An investigation into one of the nation’s biggest hospital chains is refocusing attention on concerns about overtreatment for chest pain.
Many doctors are unclogging arteries to treat the pain, providing quick relief. However, studies have shown medicine is a safer and cheaper alternative for patients whose heart disease isn’t life-threatening.
That research has changed thinking about the wisdom of routinely doing the artery-opening procedures called angioplasties. But experts say money and uncertainty over individual patients’ risks are among reasons doctors have been slower to change their ways.
The Nashville-based hospital chain, HCA Holdings Inc., said last week that investigators want information about heart procedures performed at some of its 163 hospitals. A New York Times story suggests some patients got needless angioplasties and stents.
About 700,000 angioplasties are done each year, and almost half of them are elective, performed on patients with stable chest pain. Evidence suggests the numbers haven’t dropped dramatically since a landmark 2007 study said drug treatment worked just as well at preventing heart attacks and related deaths.
An angioplasty can cost $20,000 and usually involves inserting a small mesh stent to keep arteries propped open. Often an overnight hospital stay is needed. Drug treatment may take a few months to relieve pain and often requires several medicines, including aspirin and statins, but most have generic versions costing hundreds of dollars a year, not thousands.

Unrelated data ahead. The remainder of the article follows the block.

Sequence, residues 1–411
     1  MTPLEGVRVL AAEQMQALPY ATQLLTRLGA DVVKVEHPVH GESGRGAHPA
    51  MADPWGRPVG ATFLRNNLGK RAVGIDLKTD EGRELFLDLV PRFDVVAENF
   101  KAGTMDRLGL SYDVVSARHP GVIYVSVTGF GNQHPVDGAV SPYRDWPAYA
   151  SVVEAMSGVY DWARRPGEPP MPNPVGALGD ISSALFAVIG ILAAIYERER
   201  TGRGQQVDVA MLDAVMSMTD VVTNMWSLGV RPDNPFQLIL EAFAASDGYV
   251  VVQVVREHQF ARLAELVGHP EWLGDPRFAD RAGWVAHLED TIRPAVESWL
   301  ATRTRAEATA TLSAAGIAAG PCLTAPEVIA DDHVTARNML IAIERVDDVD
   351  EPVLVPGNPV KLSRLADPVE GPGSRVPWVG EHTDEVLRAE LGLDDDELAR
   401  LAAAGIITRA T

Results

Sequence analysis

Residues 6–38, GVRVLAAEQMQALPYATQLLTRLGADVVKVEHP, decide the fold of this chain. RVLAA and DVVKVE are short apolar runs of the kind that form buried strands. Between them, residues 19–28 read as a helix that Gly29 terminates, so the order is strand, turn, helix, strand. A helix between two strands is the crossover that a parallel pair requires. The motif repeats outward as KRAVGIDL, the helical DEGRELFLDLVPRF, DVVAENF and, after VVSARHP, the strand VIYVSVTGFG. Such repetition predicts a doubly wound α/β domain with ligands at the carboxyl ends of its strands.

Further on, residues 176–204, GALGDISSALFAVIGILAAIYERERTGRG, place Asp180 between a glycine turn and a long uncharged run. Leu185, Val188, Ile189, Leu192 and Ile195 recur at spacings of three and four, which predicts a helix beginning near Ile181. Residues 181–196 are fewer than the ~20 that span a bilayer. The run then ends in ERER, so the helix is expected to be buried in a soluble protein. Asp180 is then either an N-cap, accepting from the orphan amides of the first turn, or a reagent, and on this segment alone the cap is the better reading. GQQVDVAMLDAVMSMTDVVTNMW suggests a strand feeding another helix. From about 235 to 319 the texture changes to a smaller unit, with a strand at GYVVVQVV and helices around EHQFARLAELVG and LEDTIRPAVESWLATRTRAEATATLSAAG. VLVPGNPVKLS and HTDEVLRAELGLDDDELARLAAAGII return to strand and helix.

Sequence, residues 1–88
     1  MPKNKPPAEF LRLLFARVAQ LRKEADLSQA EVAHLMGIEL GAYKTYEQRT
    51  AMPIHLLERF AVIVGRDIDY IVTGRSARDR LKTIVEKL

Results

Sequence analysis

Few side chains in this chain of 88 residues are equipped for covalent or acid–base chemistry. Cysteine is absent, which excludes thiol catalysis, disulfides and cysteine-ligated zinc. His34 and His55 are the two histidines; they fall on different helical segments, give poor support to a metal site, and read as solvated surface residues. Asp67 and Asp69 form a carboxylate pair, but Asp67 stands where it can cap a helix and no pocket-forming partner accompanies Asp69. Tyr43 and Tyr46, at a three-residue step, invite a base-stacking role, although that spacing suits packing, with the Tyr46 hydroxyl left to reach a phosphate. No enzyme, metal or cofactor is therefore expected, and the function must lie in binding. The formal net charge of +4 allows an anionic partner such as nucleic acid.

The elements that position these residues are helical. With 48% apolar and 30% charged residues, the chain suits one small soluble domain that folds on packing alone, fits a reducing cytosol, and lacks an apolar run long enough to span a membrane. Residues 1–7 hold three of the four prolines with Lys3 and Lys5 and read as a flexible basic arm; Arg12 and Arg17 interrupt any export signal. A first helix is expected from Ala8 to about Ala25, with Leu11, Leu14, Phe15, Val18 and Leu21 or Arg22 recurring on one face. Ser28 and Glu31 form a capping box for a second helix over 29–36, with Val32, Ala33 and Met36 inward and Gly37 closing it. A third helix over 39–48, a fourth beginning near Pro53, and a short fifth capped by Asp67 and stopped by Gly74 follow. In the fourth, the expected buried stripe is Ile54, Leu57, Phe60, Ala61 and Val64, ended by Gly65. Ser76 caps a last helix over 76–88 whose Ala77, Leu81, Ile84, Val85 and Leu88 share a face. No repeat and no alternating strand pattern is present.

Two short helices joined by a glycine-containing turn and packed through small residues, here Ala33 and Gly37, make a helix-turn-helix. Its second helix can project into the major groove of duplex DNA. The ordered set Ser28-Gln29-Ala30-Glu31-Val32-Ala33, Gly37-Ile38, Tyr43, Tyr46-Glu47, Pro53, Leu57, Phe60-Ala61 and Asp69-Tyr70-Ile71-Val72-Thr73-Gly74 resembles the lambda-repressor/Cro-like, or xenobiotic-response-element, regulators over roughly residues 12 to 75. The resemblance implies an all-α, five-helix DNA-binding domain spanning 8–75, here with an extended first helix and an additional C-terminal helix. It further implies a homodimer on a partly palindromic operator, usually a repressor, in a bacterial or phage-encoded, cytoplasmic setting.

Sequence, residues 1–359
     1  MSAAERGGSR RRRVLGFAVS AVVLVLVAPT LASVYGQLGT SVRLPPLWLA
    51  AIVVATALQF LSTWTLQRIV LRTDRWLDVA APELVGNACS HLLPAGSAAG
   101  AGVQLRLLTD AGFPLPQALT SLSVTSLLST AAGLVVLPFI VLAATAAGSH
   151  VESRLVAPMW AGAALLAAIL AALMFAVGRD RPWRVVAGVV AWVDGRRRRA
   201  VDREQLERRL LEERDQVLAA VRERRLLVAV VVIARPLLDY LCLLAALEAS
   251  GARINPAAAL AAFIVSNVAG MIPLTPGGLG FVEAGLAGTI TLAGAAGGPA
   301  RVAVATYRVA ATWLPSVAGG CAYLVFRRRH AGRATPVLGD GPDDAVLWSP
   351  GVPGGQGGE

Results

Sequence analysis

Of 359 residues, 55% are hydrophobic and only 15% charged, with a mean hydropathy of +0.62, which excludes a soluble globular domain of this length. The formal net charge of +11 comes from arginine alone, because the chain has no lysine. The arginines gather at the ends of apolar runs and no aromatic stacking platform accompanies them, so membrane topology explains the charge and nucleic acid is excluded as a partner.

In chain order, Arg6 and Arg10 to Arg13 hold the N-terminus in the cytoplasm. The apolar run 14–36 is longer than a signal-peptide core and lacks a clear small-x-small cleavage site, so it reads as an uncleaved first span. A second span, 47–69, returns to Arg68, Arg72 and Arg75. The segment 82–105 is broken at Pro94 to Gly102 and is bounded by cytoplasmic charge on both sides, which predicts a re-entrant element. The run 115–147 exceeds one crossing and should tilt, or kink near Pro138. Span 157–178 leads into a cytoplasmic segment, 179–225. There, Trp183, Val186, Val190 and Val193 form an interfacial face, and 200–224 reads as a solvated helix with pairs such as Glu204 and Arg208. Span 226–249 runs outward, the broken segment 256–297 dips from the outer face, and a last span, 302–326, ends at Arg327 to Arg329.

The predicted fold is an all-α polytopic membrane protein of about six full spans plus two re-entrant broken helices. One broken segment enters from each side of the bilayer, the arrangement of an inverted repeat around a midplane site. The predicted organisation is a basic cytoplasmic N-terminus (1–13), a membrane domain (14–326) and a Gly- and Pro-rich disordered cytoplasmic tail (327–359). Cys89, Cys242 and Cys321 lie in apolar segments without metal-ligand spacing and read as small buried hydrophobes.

Patients often want the quicker fix, and Yale University cardiologist Harlan Krumholz says many patients mistakenly think elective angioplasties will do a better job of keeping them alive.
Doctors may disagree with the studies and recommend angioplasties, but they are obliged “to explain to patients that their opinion is at odds with what the evidence is,” Krumholz said.
According to the New York Times, citing internal HCA documents, some of the hospital chain’s patients got invasive treatment even though they had no signifi- cant heart disease.
Nationwide data suggest that about 8 percent of nonemergency angioplasties are done inappropriately, on patients who should be getting drug treatment alone instead, said Dr. William Weintraub, cardiology chief at Christiana Care Health System in Newark, Del.
Needless stenting was among procedures to be avoided on a checklist released earlier this year by nine medical societies concerned about overtreatment.
Determining which patients should get angioplasties and who shouldn’t isn’t always clear-cut, Weintraub said. Heart disease is the nation’s No. 1 killer and leading cause of disability, and the decision-making “is very, very difficult to do,” he said.
But if patients without any artery blockages got angioplasties and stents, “that’s clear-cut fraud, that’s criminal,” Weintraub said.
Dr. Sanjay Kaul, a cardiologist at Cedars-Sinai Heart Institute in Los Angeles, says he has estimated that about $3 billion could be saved each year nationwide under scenarios that include limiting angioplasties to patients who don’t respond to pills.
A payment system that reimburses doctors for the number of tests and procedures they do is part of the problem, said Dr. Steven Nissen, a Cleveland Clinic cardiologist. “The more procedures they do, the more they are paid. That system creates incentives do to medical procedures, whether it’s a CT scan, or a stent, or a knee replacement. Across the board, Americans undergo more procedures than other people.”